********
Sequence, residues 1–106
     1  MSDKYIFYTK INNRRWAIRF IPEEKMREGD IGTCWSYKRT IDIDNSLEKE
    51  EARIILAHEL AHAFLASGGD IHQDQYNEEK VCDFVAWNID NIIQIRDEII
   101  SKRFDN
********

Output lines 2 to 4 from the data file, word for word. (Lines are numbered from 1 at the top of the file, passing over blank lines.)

     1  MSDKYIFYTK INNRRWAIRF IPEEKMREGD IGTCWSYKRT IDIDNSLEKE
    51  EARIILAHEL AHAFLASGGD IHQDQYNEEK VCDFVAWNID NIIQIRDEII
   101  SKRFDN